A project management planning tool used to realistically calculate the amount of time it will take to finish a project by taking tasks into account — making it easier to schedule and coordinate team members.
Planned Value (PV)
The cost budgeted for the scheduled work to be done. This is the portion of the budget planned to be spent at any given point in time in the project. It is also referred to as the budgeted cost of work scheduled (BCWS).
Stands for risks, assumptions, issues, and dependencies. The RAID log is used in project management to record developments in these four aspects of project work in order to benefit stakeholders and act as a resource for an end-of-project review.
The set of step-by-step instructions compiled by an organization to effectively carry out routine operations. SOPs aim for quality output and uniformity while avoiding miscommunication and failure to meet industry regulations.
A hierarchical outline of the tasks required to complete a project that helps the project team plan, define, and organize scope.
MoSCoW prioritization method
Also known as the MoSCoW method or MoSCoW analysis, this is a popular prioritization technique for requirements. The acronym represents four categories of initiatives: must-have, should-have, could-have, won’t-have, or will not have right now.
One of the most popular project management terms amongst project managers. This guide includes terms, best practices, strategies, and procedures for project management and is provided by The International Organization for Standardization.
Earned value (EV)
A project key performance indicator (KPI) that represents the quantified value of the work accomplished by a certain point. To calculate it, take the the sum of the budget for all completed work, either for the entire project or a portion of it.
Project management methodology terms
Project management methodology is the set of principles and practices that guide project managers when organizing projects. Many of the previously listed techniques fall under these different methodologies.
The crystal agile methodology places emphasis on individuals over procedures and tools used so teams can discover their answers rather than be restricted by rigid methods. This agile approach is often used for product development.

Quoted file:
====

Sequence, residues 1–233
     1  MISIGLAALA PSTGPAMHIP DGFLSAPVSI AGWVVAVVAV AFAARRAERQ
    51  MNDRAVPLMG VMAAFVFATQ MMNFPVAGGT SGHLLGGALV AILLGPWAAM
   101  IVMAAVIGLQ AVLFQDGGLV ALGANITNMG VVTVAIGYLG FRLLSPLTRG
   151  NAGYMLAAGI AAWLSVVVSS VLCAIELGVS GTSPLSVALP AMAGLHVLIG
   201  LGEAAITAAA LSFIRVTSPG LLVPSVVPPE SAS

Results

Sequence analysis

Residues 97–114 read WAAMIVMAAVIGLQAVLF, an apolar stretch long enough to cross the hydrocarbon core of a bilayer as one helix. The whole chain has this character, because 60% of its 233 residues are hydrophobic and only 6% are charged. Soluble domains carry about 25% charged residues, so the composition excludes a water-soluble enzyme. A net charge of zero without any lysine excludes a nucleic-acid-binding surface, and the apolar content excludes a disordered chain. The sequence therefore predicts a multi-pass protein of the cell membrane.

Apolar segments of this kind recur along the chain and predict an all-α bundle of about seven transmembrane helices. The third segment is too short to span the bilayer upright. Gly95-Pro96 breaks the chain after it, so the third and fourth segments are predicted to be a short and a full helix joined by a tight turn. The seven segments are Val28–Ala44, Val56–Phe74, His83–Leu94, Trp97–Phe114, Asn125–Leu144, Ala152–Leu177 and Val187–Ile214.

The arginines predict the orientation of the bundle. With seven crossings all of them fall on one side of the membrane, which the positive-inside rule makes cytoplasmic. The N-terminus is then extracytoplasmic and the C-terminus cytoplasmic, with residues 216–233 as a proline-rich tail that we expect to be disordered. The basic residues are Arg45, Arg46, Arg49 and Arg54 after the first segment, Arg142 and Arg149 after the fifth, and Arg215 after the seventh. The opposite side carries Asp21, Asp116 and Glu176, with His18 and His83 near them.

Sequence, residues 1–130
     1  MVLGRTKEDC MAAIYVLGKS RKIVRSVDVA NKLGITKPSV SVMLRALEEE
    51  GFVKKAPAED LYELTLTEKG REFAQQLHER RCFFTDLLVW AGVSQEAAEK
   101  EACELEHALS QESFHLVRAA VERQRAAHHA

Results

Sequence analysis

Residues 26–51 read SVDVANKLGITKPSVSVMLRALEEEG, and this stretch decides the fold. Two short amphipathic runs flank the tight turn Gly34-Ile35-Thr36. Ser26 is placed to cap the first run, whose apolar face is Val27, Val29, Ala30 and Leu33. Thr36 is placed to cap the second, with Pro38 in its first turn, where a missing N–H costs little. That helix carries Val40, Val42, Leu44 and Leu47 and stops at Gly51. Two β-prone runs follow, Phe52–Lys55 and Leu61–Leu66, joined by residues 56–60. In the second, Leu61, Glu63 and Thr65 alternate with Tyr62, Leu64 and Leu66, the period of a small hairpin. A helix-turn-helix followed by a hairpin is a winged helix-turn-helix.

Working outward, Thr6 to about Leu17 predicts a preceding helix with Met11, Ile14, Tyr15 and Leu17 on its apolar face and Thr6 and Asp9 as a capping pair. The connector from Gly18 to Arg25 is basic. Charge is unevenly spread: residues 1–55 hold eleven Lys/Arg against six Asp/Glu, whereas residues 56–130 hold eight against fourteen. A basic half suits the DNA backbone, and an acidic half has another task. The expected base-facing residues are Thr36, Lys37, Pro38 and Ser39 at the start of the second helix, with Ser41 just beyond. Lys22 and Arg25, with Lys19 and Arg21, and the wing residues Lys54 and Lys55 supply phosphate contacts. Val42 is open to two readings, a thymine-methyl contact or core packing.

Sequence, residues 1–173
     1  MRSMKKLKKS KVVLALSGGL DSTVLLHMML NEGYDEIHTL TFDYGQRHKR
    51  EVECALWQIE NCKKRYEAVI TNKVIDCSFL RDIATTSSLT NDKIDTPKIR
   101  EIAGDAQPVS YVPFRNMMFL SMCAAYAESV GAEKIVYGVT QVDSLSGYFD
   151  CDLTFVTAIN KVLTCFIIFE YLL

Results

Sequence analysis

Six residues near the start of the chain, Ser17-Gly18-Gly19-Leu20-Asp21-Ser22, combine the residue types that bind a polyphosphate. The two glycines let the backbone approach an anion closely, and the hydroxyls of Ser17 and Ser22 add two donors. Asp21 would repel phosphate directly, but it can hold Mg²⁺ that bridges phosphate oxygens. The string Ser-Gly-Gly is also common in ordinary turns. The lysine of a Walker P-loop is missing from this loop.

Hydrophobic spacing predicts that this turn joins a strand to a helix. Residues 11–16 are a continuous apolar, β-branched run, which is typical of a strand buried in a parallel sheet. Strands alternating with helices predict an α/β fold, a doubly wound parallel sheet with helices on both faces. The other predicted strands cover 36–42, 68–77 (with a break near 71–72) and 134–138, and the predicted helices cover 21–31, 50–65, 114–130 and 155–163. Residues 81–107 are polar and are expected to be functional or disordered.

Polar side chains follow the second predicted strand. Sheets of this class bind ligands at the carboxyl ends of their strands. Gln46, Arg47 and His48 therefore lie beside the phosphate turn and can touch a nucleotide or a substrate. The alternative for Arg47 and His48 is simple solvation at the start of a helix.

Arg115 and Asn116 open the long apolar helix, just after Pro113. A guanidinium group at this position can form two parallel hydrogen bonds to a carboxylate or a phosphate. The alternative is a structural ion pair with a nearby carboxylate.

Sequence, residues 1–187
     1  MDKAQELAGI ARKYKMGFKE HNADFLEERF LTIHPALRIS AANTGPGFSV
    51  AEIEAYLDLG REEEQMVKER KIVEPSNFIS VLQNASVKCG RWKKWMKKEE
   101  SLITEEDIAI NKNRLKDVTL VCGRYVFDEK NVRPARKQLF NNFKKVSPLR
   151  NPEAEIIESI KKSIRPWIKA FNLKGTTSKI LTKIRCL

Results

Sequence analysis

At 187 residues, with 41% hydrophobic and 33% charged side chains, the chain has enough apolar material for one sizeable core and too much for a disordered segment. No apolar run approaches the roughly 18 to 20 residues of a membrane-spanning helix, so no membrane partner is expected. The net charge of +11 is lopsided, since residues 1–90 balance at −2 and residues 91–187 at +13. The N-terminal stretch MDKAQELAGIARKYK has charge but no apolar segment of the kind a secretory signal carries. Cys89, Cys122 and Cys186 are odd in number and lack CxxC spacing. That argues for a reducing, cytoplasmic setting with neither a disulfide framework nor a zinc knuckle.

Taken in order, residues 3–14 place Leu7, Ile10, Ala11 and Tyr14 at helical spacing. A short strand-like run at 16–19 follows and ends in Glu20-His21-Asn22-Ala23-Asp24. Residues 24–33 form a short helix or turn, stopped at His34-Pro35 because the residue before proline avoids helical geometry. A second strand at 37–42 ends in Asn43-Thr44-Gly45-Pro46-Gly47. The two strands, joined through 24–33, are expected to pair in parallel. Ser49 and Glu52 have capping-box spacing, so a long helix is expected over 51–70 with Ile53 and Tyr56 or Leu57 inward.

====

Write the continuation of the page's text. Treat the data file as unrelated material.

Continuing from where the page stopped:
The practice of building, refining, and improving a project, product, or initiative in fixed periods of time. While most common in product development, any team can use this methodology to create, test, and revise until they’re satisfied with the end result.
A project management methodology that brings together factors like schedule, costs, and scope to measure project performance. Using planned and actual values, EVM seeks to anticipate the future and enables project managers to make adjustments.
Any combination of methods used to manage a company’s business processes through discovery, modeling, analysis, measurements, optimization, and automation.
PM Charts and Diagrams
Project managers are always searching for the most effective tools to help visualize their project’s plan and trajectory. Here are some of the most commonly used tools that help bring projects to life.
A graphical tool used for scheduling a project plan’s activities, critical paths, and dependencies. It is also called a project schedule network diagram.
A chart used to show the required sequence of tasks in a project or process, such as the best schedule for the entire project as well as potential scheduling and resource problems and their solutions.
Also called a bar chart, this graph is meant to organize data in a visual way. Some of them have activities, start date, duration, and completion date that are plotted on a project timescale. The detailed level of the bar chart depends on your project complexity and the intended use as either a schedule or something else.
A tool to assess the relative importance of problems. It contains both bars and lines with individual values represented in descending order by bars, and the overall total of the sample is represented with a curved line.